On Jan. 19, Canadian Pacific Railway (CP -0.60%) filed a complaint with the Department of Justice that CSX (CSX -0.77%) and Union Pacific Corp. (UNP -1.80%) were colluding to block its recent attempt to acquire Norfolk Southern Corp. (NSC -0.43%).
The complaint should be of interest to investors, because an acquisition would bring about significant competitive implications and antitrust issues for the industry and the public alike.
Can't we all just get along?
CP's recent offer of $28 billion to buy Norfolk was rejected by Norfolk's board of directors, and that rejection is likely to set the stage for a lengthy and heated proxy battle. In the midst of the takeover news, Canadian Pacific filed a complaint with the DOJ in hopes of getting ahead of the pushback from other railroads and regulatory boards while CP continues its attempt to acquire Norfolk Southern.
Criticizing the joint efforts of its fellow railroads to work against the acquisition, CP said in its letter: "The collective communication strategy of these competitor railroads is also likely illegal because it is anti-competitive: It is an agreement to collectively work together to prohibit the introduction of competition by a new competitor, which is akin to a group boycott in principle and intended effect."
However, Union Pacific Corp. refuted those claims, saying: "We have communicated with other railroads for the purpose of petitioning the government. We oppose this merger, and we are prepared to discuss our views with the government."
Other railroads have publicly opposed the merger as well. During a recent quarterly call, CSX CEO Michael Ward said, "Any merger would result in substantial regulatory costs, and any cost savings due to synergies would be extremely limited."
What happens next?
Railroads aren't the only ones opposing CP's merger with NSC. Numerous shippers have filed letters with the Surface Transportation Board (STB) expressing their concerns over possible service issues and price increases.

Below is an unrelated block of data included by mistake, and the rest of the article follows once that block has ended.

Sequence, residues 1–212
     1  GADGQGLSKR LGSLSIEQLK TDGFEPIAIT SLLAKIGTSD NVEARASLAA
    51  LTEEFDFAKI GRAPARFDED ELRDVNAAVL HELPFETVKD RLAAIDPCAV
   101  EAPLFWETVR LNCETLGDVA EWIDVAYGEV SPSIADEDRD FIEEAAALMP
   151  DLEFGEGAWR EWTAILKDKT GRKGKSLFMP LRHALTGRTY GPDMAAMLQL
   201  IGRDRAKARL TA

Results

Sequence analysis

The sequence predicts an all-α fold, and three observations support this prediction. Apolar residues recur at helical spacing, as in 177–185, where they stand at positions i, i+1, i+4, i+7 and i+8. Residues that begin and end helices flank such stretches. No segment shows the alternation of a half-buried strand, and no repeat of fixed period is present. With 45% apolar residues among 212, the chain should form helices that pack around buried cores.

The Federal Railroad Administration (FRA) will also look into the potential safety issues that the combined companies could face. "Combining large rail systems, rule books, workforces, and safety cultures can lead to safety vulnerabilities and deficiencies," said administrator Sarah Feinberg. "It's our job to ensure that safety is not only not compromised in any potential merger, but prioritized."
The FRA can collaborate with railroad companies on safety plans, but it can't block railroad mergers. The STB, meanwhile, is a regulatory body that does grant merger approval for railroads.
CP makes no bones about its distaste for this entire situation. "The fact that these major railroads have joined to work so feverishly against CP's proposal speaks volumes about their concerns regarding the impact the transaction would have on their competitive positions," CP argues. And CP is not necessarily wrong about that.
STB, for its part, can't really allow further consolidation in an industry with only six large carriers remaining in North America. Under merger rules adopted in 2001, the STB, while acknowledging some benefits to consolidation, is bound to see consolidations as "likely to result in a number of anti-competitive effects, such as loss of geographic competition, that are increasingly difficult to remedy directly or proportionately."
Any merger in the industry is also likely to spur additional consolidation, as managements will do what's in the best interest of their shareholders to maintain market share and profits. The industry is consolidated enough, and extremely top heavy. To stem any kind of consolidation feeding frenzy, the STB probably won't allow the merger to gain regulatory approval.
Additional consolidation in the industry would only put pressure on the STB to regulate even further. In turn, this could increase costs and drive down potential returns of the railroads through increased regulation.